Project 11x: WPA Decryption (Up to 20 pts. extra credit)

What you need


To understand the way WPA-PSK networks isolate users from one another, and defeat that protection.

If you go to a wireless network and capture frames in Monitor mode, you see traffic from other users, but you can't decrypt it because each user has a different encryption key.

However, the process of assigning that key uses a four-way EAPOL handshake, which can be captured. If you capture the EAPOL packets, Wireshark can determine that user's key and decrypt the traffic.

Installing Wireshark

If you don't already have Wireshark, get it here:

Task 1: Analyzing an Existing Packet Capture File (10 pts.)

Downloading the PCAP File

Right-click the link below and save the file somewhere you can find it, such as your desktop:


If that link doesn't work, use this alternate download link:

Viewing the EAPOL Handshake

Double-click the wpa-Induction.pcap file. It opens in Wireshark.

Scroll down to find the four frames with a Protocol of "EAPOL", as shown below. Here an Apple device is joining a Cisco wireless network, and the four EAPOL packets are used to negotiate a private key for that user.

Viewing Encrypted Traffic

Scroll down to frame 99. Wireshark is unable to decrypt the contents of this frame--all it can say is that it contains "Data", as shown below.

Entering the WPA Key

The precise steps vary, depending on which version of Wireshark you are using.

For Wireshark 2.0.0 on Mac OS X:

From the menu bar, click Wireshark, Preferences. In the left pane, expand Protocols. Scroll down and click "IEEE 802.11", as shown below.

In the "Decryption Keys" line, click the Edit... button.

Enter a key of type wpa-pwd, with the value Induction:Coherer, as shown below.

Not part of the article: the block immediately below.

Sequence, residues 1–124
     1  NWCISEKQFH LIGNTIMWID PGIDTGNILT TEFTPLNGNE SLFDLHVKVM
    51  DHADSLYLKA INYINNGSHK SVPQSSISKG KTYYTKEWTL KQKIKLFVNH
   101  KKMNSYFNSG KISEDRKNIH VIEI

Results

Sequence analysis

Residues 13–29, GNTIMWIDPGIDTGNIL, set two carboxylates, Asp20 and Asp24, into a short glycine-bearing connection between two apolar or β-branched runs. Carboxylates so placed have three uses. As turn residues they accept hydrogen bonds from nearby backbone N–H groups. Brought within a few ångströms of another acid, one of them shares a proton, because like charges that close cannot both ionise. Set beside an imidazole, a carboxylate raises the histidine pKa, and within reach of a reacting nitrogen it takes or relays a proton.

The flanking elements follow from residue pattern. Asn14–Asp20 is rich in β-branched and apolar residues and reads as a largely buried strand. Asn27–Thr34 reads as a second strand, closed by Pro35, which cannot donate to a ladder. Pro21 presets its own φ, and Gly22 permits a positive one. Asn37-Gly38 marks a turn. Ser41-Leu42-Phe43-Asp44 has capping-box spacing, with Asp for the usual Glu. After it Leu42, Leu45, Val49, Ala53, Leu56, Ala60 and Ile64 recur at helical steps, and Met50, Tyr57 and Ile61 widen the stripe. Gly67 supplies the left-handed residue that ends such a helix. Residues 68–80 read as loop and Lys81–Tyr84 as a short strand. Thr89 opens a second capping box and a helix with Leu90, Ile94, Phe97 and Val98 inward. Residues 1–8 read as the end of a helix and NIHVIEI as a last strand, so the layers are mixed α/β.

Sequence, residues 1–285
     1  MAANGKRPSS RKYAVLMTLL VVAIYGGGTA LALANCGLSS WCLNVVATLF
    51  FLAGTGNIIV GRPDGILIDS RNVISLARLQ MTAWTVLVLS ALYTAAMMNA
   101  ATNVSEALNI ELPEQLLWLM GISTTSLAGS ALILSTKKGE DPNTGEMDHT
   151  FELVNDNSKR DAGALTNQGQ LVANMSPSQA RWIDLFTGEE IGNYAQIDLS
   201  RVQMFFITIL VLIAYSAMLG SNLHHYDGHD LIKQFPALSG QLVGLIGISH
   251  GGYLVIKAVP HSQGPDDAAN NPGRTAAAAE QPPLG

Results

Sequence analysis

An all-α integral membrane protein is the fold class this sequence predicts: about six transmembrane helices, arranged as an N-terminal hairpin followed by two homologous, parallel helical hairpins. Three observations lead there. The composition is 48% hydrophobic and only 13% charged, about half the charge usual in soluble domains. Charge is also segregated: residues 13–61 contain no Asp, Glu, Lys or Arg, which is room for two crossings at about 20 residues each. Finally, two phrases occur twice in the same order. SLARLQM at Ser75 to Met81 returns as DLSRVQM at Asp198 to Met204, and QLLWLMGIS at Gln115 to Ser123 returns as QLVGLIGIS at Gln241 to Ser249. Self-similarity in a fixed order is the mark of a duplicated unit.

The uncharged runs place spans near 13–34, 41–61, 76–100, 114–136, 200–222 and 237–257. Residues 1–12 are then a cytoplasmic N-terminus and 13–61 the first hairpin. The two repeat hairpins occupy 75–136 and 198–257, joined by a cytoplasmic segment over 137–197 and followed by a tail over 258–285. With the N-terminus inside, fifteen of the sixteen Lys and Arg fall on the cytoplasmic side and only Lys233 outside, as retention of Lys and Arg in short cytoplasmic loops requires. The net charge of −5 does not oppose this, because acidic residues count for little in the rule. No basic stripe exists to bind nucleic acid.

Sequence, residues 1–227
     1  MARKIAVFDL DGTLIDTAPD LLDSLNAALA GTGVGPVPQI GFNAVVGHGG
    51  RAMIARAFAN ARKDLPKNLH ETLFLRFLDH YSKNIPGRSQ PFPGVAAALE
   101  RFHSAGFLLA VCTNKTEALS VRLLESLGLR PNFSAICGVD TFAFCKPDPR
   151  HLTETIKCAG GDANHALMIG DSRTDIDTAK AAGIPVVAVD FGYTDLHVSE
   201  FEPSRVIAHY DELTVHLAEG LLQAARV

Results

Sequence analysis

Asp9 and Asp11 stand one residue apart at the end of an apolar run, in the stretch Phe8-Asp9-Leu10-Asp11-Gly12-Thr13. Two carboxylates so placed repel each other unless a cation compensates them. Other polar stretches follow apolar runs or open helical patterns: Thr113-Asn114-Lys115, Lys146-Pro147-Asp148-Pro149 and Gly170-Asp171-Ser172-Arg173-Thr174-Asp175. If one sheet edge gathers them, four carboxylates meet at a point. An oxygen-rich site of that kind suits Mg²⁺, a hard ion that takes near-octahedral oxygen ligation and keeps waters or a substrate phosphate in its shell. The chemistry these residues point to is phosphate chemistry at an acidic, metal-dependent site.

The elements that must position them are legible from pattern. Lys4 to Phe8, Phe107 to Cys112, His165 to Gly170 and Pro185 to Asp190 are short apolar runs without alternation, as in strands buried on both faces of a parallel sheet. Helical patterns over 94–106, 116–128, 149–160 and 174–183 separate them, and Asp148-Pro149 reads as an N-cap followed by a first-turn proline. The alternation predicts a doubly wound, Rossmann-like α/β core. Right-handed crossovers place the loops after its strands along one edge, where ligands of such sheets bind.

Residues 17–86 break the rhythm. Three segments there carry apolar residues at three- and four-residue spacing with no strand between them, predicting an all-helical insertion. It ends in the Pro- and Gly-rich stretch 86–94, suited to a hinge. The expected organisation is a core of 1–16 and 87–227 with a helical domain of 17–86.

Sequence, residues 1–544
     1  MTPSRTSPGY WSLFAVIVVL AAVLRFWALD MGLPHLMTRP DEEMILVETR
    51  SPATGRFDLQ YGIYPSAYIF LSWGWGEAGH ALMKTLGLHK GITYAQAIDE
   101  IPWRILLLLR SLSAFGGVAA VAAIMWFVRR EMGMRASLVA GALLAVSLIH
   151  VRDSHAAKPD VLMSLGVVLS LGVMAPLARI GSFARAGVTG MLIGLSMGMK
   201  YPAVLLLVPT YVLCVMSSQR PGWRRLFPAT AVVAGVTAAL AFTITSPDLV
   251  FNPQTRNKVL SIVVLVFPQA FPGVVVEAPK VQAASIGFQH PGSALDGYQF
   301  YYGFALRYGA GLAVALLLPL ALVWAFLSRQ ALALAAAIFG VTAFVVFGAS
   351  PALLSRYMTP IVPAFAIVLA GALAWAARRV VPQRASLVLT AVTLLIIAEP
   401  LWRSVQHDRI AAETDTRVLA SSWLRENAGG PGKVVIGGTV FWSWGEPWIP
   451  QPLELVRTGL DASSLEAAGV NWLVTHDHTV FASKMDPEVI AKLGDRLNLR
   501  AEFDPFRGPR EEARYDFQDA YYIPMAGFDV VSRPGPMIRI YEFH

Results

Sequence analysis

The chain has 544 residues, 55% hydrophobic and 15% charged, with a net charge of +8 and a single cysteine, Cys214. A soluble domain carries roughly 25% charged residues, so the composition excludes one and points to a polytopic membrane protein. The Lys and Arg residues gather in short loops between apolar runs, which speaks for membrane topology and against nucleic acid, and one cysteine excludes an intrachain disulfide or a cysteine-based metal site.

The key is "Induction" and the SSID of the network is "Coherer".

In the "WEP and WPA Decryption Keys" box, click the OK button.

In the "Wireshark Preferences" box, check the "Enable decryption" box. Click the OK button.

Frame 99 is now decrypted, revealing that it contains a DHCP packet, as shown below.

Saving the Screen Image

Make sure you can see the frame number of 99 and the Protocol of DHCP, as shown above.

Save a FULL DESKTOP image with the filename Proj 11xa from Your Name.

Task 2: Capturing Live Frames (10 pts.)

Using Monitor Mode

Most wireless interfaces only support Managed mode, which is used to join wireless networks as a client.

But to capture EAPOL frames, you must use Monitor mode. I know the MacBook Air and MacBook Pro can do it, and the Asus Eee machines in the closet in S214. The computers in S214 with wireless cards can also do it if you boot them using Kali Linux DVDs.

Unless you are very lucky, your personal laptop won't be able to do this.

Here are the steps I performed to do it on a MacBook.

Configuring Wireshark to Capture in Monitor Mode

From the Wireshark menu bar, click Capture, Options.

In the "en0" line, change "Link-Layer Header" to "Per-Packet Information", and change "Monitor Mode" to enabled, as shown below.

Join a Target Device to the Network

You need a WPA-protected network, such as "CCSF Wireless".

To make the project easier, we'll prepare the target machine to connect quickly.

Get another wireless device to use as the target. I used an iPad. Join it to the wireless network, and set it to automatically join. Then disable the wireless card.

Performing the Capture

Start Wireshark capturing frames. Then re-enable the network card on your target device.

Once the target connects, stop the Wireshark capture.

You should be able to see the four EAPOL frames, and a frames after that containing encrypted Data, as shown below.

Saving the Screen Image

Make sure you can see the Data in the frame, as shown above, and that the packet number is visible. My packet number was 708, but yours will be different.

Save a FULL DESKTOP image with the filename Proj 11xb from Your Name.

Adding the Network Key

In Wireshark Preferences, add the WPA encryption key, as shown below.

Now view the same frame in Wireshark. It should be decrypted, showing the higher-level protocol, a shown below.

Saving the Screen Image

Make sure you can see the same frame number, and that the higher-level protocol is visible now. It may be ARP, DHCP, or something else, but it should no longer be 802.11.

Save a FULL DESKTOP image with the filename Proj 11xc from Your Name.

Turning in Your Project

Email the images to with a Subject line of Proj 11x from Your Name.


How to Decrypt 802.11

WPA 4-way handshake

Posted 11:19 am 12-9-15 by Sam Bowne